‘Ghostbusters’ Is Flat: When Good Enough Just Isn’t Good Enough

(L-R) Melissa McCarthy, Kate McKinnon, Kristen Wiig and Leslie Jones in Ghostbusters.

(L-R) Melissa McCarthy, Kate McKinnon, Kristen Wiig and Leslie Jones in Ghostbusters. Columbia Pictures

I rolled my eyes the moment I heard about a Ghostbusters reboot with an all-woman cast—even if it teamed Melissa McCarthy, Kristen Wiig, Kate McKinnon and Leslie Jones. What’s next The Revenant with chicks? The She-Wolves of Wall Street (O.K., that’s Working Girl)? The Hateful Eight with seven menopausal women and one abused eunuch?

Word to the studios: We lack penises, not brains!

Taking a creaky but beloved Bill Murray franchise and recasting it with chicks isn’t progress. Ghostbusters demonstrates that a lame concept can’t make a female-driven film stronger. Meanwhile, shaming men as fanboys or misogynists for not embracing this dreck doesn’t help.

As The Hollywood Reporter‘s David Rooney noted “…the kneejerk hostility engendered among self-appointed guardians of the beloved ’80s comedy franchise, long before the new movie was publicly screened. The unfunny mess that hits theaters Friday, like a big goopy splat of ectoplasm, will no doubt make those naysayers feel vindicated. But the fact is that an estrogen-infused makeover, particularly one with such a comedically gifted cast, was a promising idea. Sadly, that’s where the inventiveness ended.”

This dread disease—the reboot, the sequel, the prequel—squashes Hollywood one tent-pole film at a time like the Stay Puft Marshmallow Man in Manhattan.

The bloated 3-D action-adventure Ghostbusters—coming out of Sony with an estimated $144 million to $180 million depending on who you reference—is symptomatic of a larger problem in this summer of chaos: sequel-itis. This dread disease—the reboot, the sequel, the prequel—squashes Hollywood one tent-pole film at a time like the Stay Puft Marshmallow Man in Manhattan.

Meanwhile, the vast majority of viewers recline before their massive home screens with surround sound and 99 cent snacks and Pabst Blue Ribbon. I’d rather watch Kimmy Schmidt—she’s unbreakable!—or Daenerys the Mother of Dragons. Give me The Night Manager, The Man in the High Castle or the diversity of Longmire. Give me subtitles and the French police procedural Spiral.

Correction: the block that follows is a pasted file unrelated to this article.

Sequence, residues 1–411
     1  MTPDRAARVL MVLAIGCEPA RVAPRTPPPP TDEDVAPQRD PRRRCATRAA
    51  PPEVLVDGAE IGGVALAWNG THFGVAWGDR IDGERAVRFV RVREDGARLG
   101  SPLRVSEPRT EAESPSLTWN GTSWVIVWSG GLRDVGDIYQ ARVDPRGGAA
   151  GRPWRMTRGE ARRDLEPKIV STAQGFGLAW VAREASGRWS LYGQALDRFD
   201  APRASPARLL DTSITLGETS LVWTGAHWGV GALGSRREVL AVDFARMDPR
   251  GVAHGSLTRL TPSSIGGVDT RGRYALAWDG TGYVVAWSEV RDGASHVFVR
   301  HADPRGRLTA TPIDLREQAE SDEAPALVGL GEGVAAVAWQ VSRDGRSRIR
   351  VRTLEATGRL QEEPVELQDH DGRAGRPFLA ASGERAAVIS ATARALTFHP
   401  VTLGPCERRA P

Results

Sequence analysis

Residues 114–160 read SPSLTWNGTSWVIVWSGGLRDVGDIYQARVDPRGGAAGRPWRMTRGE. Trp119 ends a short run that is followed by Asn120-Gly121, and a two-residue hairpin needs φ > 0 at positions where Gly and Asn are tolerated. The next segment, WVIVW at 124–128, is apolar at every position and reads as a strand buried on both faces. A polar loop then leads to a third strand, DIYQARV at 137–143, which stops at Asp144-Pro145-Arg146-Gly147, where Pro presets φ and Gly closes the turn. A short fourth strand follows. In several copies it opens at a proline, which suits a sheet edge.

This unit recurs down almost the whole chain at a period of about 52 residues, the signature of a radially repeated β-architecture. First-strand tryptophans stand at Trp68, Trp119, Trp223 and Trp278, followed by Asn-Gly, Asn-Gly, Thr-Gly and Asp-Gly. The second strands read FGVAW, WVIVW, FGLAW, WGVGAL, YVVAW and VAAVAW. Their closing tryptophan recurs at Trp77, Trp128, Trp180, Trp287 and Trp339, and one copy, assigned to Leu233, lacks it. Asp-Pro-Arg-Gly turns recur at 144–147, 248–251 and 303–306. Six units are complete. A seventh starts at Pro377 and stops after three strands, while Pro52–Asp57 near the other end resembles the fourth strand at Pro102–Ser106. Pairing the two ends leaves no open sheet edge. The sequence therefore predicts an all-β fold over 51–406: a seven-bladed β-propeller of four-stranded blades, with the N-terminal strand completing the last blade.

This is a quality issue first, a feminist one second. As I wrote in Variety, if we’re going to make change—and earn a profit—we can’t just plug in female casts as if they were Lego blocks. We want something new or at least satisfying! Zero Dark Thirty, Ex-Machina, The Witch, The Diary of a Teenage Girl, The Twilight Saga, The Hunger Games or Pitch Perfect 2.

Last summer, our pal Charlize Theron upstaged Tom Hardy’s title character in Mad Max: Fury Road and led to that ridiculous debate about whether she’d perverted the franchise with feminist propaganda. Of course not, Theron’s one-armed Furiosa was just a female character allowed to be fully dimensional and kickass, which is really what I want as opposed to the flimsy Ghostbusters quartet.

Let’s put aside that Ghostbusters is a dud; it’s no Bridesmaids, also directed by Paul Feig. Taken together, the comedienne quartet has all the charisma of Ted Cruz. The comedy’s so desperate for zingers that the answer to “who you gonna call?” is Bruce Vilanch.

As female viewers we can’t be so desperate that we’ll embrace almost anything female-driven as if we were Dickensian orphans pleading “please, sir, more?”

I don’t want to betray my sisters—the ones busily organizing watching parties and #GoSeeGhostbusters or #SupportGhostbusters. I get it. On Easter Sunday, my neighbor invited me and the moms to see My Big Fat Greek Wedding 2. It was a group thing. We laughed, we cried, we cooed over John Corbett, we shared stories afterwards at Applebee’s about our own mothers and daughters—but was it a good movie? No.

As female viewers we can’t be so desperate that we’ll embrace almost anything female-driven as if we were Dickensian orphans pleading “please, sir, more?”

This was driven home to me last night when, at my husband’s bidding, I watched Baby Face starring Barbara Stanwyck (described, wrongly, by Owen Gleiberman in Variety as “Barbara Stanwyck, Joan Fontaine, Bette Davis—radiant sensual goddesses all, but sorry, these weren’t the beauty contest winners. They looked like heightened versions of us.” In this wicked 1933 drama, the knock-out plays a young woman prostituted by her father since she was fourteen. When a kindly customer turns her on to Friedrich Nietzsche as a means of escape, Baby Face spends the rest of the movie exploiting her sex appeal to rise from the dregs of Erie, Penn., to Manhattan’s heights. She picks up and dumps a series of weaselly bank employees, each more powerful than the next. By movie’s end, she’s covered in diamonds and furs, sleeping on satin sheets in her own penthouse. The movie is so cynical and sophisticated it makes All About Eve look like Dora the Explorer.

Maybe we need to look back to look forward. We don’t need to rise up and support Ghostbusters, a film with the budget of a small country and the brains of a small ferret. Instead, let’s get our hands on the Hollywood wheel and aim higher.

‘Ghostbusters’ Is Flat: When Good Enough Just Isn’t Good Enough